I read the Yorkshire Postpublished by a company that used to be called Yorkshire Conservative Newspapers—and the image one gets of views in Yorkshire from our media and gossip are: that we are now governed by a very Home Counties, southern-English Government; that the north is forgotten; that the northern powerhouse is a placard without much behind it; and that the spending in the north on infra- structure, innovation, schools in rural areas and elsewhere falls well behind what is given to government. I should have thought that might leave the Conservative Party very worried. In replying, can the Minister give us some assurance—and feed this back into the Government—that, as we move towards an apparently inevitable Brexit, the Conservative Government are thinking actively about the regional disparities we already have, are taking into account that poorer regions will suffer disproportionately from a loss of European regional funds and realise that compensatory action needs to be taken by the British Government to prevent that?

My Lords, I warmly thank my noble friend for having put this amendment before the Committee. I should explain that I live in Cumbria and I understand very directly some of the things that have been said in this debate. It always gives me great heart when I see the European sign on tangible projects in an otherwise not too prosperous county, as an indication of European solidarity and a determination that people should stand together in making sure that a decent life is available to everyone. I do not think that, historically, we can overestimate the significance, the sadness, of what we are losing in that concept of European solidarity.

The other point I will make is that there have been references to reassurances and so on. Forgive me, I do not mean to be critical of those who have used the word, but I do not think that is enough. Possibilities have been created through our membership of the European Union. I believe that we have to have very firm guarantees from the Government that nothing is going to be lost in the context of what may be about to happen and that they will ensure that any work already in train, and any expectations already generated, will be fulfilled.

There really is a growing sense of injustice and unfairness in many parts of the country. The south-west is one example, and certainly the north is another example, not least Cumbria. There is a deep frustration—and in some instances it is not an exaggeration to say “anger”—about the disparities between what is available in the south and the south-east and what is not. I agree most warmly with the point made earlier in the debate that there is a feeling that our Government is a Government of the south-east and not a Government of the totality of British life. In that context, for Wales, Northern Ireland, Scotland, and indeed for English regions, we need those guarantees from the Government tonight.

My Lords, I am delighted to support Amendment 23, moved by my noble friend Lord Foulkes, and I concur without reservation with everything he said. The amendment addresses many crucial matters for Wales, as well as for Scotland and indeed for many parts of England. Article 174 of the Treaty on the Functioning of the European Union aims to reduce disparities in terms of economic and social development between the various regions of Europe. The central plank of this is to reduce inequality. I fear that the same thing cannot be said of the policy of the present UK Government. The objective of their policy is in no way a concerted drive to attack the disparities that exist within these islands. The income per head of an area such as Kensington and Chelsea is 10 times that of the area of west Wales and the valleys, the Anglesey area or the Gwent area. We surely cannot accept a tenfold disparity in a civilised society.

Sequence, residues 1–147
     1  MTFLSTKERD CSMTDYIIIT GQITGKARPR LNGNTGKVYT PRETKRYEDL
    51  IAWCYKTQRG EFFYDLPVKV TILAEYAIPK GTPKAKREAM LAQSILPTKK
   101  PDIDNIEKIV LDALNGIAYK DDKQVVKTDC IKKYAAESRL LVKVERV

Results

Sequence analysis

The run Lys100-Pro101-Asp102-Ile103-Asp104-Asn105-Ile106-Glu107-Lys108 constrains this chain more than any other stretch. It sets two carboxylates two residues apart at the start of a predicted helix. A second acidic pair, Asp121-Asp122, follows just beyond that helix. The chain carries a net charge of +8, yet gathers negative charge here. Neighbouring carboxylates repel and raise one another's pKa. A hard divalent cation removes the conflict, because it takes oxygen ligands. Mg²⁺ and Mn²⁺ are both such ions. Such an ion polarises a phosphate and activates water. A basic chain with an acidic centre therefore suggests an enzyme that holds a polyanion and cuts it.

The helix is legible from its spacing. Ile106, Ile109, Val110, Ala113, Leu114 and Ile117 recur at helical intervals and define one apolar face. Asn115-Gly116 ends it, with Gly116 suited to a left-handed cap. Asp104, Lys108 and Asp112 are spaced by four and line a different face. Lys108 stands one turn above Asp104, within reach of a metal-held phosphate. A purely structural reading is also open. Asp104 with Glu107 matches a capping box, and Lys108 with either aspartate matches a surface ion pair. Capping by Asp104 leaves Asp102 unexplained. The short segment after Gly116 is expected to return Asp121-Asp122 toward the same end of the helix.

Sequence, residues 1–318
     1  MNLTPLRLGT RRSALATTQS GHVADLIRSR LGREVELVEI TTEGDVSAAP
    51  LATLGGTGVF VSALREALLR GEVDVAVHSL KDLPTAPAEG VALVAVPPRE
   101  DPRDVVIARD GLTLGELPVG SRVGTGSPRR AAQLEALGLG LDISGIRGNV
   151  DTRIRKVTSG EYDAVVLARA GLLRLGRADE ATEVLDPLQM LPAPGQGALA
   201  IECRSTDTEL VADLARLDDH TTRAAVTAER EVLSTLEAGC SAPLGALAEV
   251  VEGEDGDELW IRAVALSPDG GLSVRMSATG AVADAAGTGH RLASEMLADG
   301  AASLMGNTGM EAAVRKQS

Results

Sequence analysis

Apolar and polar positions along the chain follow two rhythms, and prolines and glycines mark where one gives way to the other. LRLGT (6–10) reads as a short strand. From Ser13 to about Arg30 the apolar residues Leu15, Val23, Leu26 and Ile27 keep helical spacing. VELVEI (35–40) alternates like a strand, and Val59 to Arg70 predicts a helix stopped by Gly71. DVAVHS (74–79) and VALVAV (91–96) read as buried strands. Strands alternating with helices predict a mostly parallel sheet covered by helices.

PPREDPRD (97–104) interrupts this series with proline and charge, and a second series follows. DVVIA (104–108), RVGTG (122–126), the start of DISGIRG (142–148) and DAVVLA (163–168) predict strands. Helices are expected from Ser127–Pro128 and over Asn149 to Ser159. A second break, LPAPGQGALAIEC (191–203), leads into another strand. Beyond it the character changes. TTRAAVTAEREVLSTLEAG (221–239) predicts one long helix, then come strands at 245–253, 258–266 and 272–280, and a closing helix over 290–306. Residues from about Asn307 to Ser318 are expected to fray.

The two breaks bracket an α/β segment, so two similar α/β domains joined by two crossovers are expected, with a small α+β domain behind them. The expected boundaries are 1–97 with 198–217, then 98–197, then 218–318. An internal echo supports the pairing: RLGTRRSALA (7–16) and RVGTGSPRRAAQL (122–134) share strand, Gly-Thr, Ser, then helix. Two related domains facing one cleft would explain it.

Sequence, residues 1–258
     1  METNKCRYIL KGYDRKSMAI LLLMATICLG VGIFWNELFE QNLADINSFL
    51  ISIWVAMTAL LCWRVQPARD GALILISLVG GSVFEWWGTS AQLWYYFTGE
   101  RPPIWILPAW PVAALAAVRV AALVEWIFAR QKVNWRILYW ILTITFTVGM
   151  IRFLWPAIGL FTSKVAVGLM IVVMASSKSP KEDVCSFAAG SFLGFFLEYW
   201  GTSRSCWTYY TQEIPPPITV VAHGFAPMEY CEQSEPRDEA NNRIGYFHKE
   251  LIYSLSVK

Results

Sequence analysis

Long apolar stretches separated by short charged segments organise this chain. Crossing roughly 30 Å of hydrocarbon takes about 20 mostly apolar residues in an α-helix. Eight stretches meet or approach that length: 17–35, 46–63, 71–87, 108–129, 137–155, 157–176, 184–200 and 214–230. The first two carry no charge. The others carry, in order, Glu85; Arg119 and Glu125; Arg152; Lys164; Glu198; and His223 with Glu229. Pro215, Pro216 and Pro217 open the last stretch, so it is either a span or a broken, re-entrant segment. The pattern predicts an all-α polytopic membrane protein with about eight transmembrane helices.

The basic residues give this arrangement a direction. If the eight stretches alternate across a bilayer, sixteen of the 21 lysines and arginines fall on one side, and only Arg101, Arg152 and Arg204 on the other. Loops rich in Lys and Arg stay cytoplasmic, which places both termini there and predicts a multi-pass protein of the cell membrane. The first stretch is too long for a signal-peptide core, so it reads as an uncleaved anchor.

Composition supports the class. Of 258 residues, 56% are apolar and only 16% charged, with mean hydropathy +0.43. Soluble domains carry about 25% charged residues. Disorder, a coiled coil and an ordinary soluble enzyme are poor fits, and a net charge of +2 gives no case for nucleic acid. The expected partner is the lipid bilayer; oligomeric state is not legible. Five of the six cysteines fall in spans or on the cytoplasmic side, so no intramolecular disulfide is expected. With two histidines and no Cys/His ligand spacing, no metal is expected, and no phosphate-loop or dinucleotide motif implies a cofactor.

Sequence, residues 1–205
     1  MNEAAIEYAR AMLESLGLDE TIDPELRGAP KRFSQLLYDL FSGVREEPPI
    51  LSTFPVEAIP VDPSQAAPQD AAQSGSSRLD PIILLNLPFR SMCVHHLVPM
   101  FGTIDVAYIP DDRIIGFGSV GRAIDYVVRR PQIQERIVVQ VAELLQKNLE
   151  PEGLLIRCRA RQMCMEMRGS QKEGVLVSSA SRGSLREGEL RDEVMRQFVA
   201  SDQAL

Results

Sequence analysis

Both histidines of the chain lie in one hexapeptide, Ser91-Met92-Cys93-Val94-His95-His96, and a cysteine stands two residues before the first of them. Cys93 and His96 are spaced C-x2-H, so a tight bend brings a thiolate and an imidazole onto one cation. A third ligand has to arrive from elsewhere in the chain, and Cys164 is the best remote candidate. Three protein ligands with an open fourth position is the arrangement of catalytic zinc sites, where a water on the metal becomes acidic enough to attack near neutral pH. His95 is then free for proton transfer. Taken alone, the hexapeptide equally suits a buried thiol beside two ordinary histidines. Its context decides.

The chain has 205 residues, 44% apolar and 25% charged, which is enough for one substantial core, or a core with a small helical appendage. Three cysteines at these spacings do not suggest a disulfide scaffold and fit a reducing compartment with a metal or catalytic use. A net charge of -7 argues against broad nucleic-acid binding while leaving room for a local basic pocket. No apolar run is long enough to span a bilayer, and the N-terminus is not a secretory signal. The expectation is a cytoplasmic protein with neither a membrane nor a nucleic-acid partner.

Europe has been a bulwark for us over the past 15 years in Wales—the past 18 years, in fact—since we started getting the Objective 1 money in 2000. That money has come through as additional funding for Wales, after a bit of a fight, which I will talk about on another occasion, but we have not had the success that Liverpool and Merseyside, certainly, have had, and South Yorkshire has had to a lesser extent—and we still have a lot of work to do.

The reality is that, when we look at the matters of industrial infrastructure investment that are in Westminster’s hands, we see that Wales is the only country in western Europe that does not have a single mile of electrified railway line. What happened to the plans that were already drawn up to electrify to Swansea? They have been dropped—and the proposals to electrify from Crewe to Holyhead are somewhere in the clouds. Yet we in Wales are asked to pay our contribution towards HS2. The reality is that we get greater assistance with our economic needs from the European Union than from Westminster. That is one reason why it hurts so much that we are about to leave the European Union, unless something can be done about it. Another example of where the Westminster regime is not sensitive to the crying economic need of Wales is the Swansea Bay lagoon, which has been confirmed as being a viable project, with a former Conservative Member of Parliament driving it forward, yet the Government refuse to come off the fence on it.

Then there is the disparity in another important aspect of economic infrastructure: broadband connectivity. The UK Government have recently directed significant sums to improve broadband in three of the four countries of the UK. They found £20 million for ultrafast broadband in Northern Ireland and £10 million for full-fibre broadband in six trial areas of England and Scotland. We are missing out on important things such as this and we cannot rely on Westminster to look after our needs. The Government’s justification for their broadband investment was that it will trigger the most effective short-term economic growth. Therein lies the central weakness of the Westminster approach: its short-termism and its links to political returns, as we have seen in the context of Northern Ireland.